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MDC presidential election challenge hearing starts

The Movement for Democratic Change’s case in which it was seeking the invalidation of the 2002 presidential election results began on 3 November 2003 but the party was not happy with the presiding judge Ben Hlatshwayo.

The party felt that the former University of Zimbabwe lecturer was too close to Information Minister Jonathan Moyo and had a pro-government track record. He had also seized a farm from a white farmer and was facing a legal challenge.

MDC Secretary for Legal Affairs David Coltart, however, said the party had decided against seeking recusal of Hlatshwayo because the case would be difficult to win and would only delay the hearing of the election petition.

 

Full cable:

 

Viewing cable 03HARARE2185, ELECTION PETITION HEARINGS UNDERWAY

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Reference ID

Created

Released

Classification

Origin

03HARARE2185

2003-11-03 15:24

2011-08-30 01:44

CONFIDENTIAL

Embassy Harare

This record is a partial extract of the original cable. The full text of the original cable is not available.

 

031524Z Nov 03

C O N F I D E N T I A L HARARE 002185

 

SIPDIS

 

AF/S FOR M. RAYNOR

NSC FOR SENIOR AFRICA DIRECTOR J. FRAZER

LONDON FOR C. GURNEY

PARIS FOR C. NEARY

NAIROBI FOR T. PFLAUMER

 

E.O. 12958: DECL: 11/03/2013

TAGS: PGOV PHUM ZI

SUBJECT: ELECTION PETITION HEARINGS UNDERWAY

 

REF: HARARE 2123

 

Classified By: Political Officer Win Dayton under Section 1.5(b)(d)

 

1. (U) Presided over by High Court Justice Hlatshwayo,

hearings on the MDC’s petition seeking invalidation of

Zimbabwe’s 2002 election results commenced November 3.

Attorneys for the MDC spent the day reviewing arguments

advanced in the party’s petition (e-mailed to AF/S),

interrupted occasionally with questions by a soft-spoken

Justice Hlatshwayo. The day’s first order of business was a

shifting — on petitioner’s motion — of the court venue to a

larger courtroom within the High Court to accommodate the

modest crowd of several dozen spectators, which included

foreign diplomats.

 

2. (C) Last week’s naming of Hlatshwayo as presiding justice

was an unwelcome development for the MDC. A relative

newcomer to the bench, Hlatshwayo already has developed a

pro-government track record in politically sensitive cases,

including a recent contest over elections in Chegutu, in

which he upheld the election’s result despite the violent

obstruction of MDC members from registering their

candidacies. A former university lecturer known for his

outspokenly socialist views, Hlatshwayo was seen as a close

protege of Information Minister Jonathan Moyo when they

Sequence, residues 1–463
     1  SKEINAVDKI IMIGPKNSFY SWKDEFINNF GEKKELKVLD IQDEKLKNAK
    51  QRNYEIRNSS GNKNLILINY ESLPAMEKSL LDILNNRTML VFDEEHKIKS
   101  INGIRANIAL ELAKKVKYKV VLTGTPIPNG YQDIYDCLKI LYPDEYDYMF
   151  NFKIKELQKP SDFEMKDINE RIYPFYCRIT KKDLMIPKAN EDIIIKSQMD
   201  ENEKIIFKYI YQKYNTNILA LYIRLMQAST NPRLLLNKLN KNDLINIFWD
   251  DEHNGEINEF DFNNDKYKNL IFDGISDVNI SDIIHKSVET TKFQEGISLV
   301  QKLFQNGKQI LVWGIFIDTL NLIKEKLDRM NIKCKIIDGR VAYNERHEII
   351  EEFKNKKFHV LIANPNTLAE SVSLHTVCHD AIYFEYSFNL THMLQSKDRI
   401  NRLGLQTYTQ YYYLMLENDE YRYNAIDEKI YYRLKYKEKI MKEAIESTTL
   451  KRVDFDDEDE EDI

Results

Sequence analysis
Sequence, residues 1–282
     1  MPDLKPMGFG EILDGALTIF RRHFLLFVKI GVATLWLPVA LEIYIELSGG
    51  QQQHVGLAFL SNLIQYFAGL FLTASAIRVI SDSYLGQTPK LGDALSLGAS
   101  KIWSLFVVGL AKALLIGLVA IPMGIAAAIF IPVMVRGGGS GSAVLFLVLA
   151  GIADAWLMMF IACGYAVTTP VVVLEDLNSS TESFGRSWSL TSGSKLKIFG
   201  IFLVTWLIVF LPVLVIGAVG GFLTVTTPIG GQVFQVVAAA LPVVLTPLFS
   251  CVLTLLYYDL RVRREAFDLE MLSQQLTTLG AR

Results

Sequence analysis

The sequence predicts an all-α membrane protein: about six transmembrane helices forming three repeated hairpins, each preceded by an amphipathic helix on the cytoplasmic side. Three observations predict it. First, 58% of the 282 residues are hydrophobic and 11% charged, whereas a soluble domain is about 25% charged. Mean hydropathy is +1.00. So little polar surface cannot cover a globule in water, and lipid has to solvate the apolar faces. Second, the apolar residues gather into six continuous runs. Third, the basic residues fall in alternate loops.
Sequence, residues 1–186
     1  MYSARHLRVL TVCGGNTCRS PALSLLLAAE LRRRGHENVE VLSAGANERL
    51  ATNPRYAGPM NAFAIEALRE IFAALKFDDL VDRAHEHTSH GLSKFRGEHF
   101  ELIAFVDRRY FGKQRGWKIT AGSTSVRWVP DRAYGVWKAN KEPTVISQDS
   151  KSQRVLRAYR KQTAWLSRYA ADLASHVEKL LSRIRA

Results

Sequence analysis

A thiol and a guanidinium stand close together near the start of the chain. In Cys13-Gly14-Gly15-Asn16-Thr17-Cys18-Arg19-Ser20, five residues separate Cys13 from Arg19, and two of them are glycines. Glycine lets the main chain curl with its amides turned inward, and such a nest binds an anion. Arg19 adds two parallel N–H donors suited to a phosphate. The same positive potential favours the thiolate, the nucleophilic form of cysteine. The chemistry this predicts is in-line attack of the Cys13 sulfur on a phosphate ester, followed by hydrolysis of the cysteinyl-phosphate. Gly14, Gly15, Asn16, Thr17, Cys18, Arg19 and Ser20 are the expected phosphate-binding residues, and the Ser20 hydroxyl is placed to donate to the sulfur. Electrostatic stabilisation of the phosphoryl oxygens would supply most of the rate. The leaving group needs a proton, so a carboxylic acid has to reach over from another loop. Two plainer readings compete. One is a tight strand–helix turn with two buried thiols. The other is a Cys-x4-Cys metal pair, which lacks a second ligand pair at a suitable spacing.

served on a constitutional commission together in the run-up

to the 2000 constitutional referendum. He seized a farm in

connection with the government’s land reform program and is

respondent in a legal challenge being brought by the

aggrieved farmer.

 

3. (C) MDC Secretary for Legal Affairs David Coltart told

poloff that the MDC had decided against seeking recusal of

Justice Hlatshwayo (contrary to reports in the

government-controlled press). Such a motion would have been

difficult to win and would have served only to delay

commencement of an examination of the case’s merits.

Hlatshwayo’s assignment to the case only served to underscore

the inevitability of the case’s outcome, but the MDC was

pleased to have proceedings underway in any event. Coltart

said the presence of U.S. Federal District Judge Davis (here

on behalf of the American Bar Association) and another Kenyan

jurist as international observers was critical in keeping

Hlatshwayo “honest” — at least on technical motions such as

the venue change.

 

4. (C) COMMENT: Today’s edition of the

government-controlled Herald carried nothing on the hearing,

underscoring the government’s interest in minimizing coverage

of the case at home even as the MDC seeks to maximize

coverage abroad. Although prospects for an overturning of

the election result seem unlikely, timetable for the case’s

progress remains an uncertain variable. As reported reftel,

constitutional arguments are likely to be wrapped up within

the next week or so. The High Court can decide on them

itself or refer them to the Supreme Court for judgment —

either step could take months. Assuming a finding for the

government in this first phase, the case would then proceed

to a second phase that would address evidence of specific

incidents of intimidation and misconduct — a spectacle the

government would prefer to defer until next year, if ever.

SULLIVAN

(31 VIEWS)

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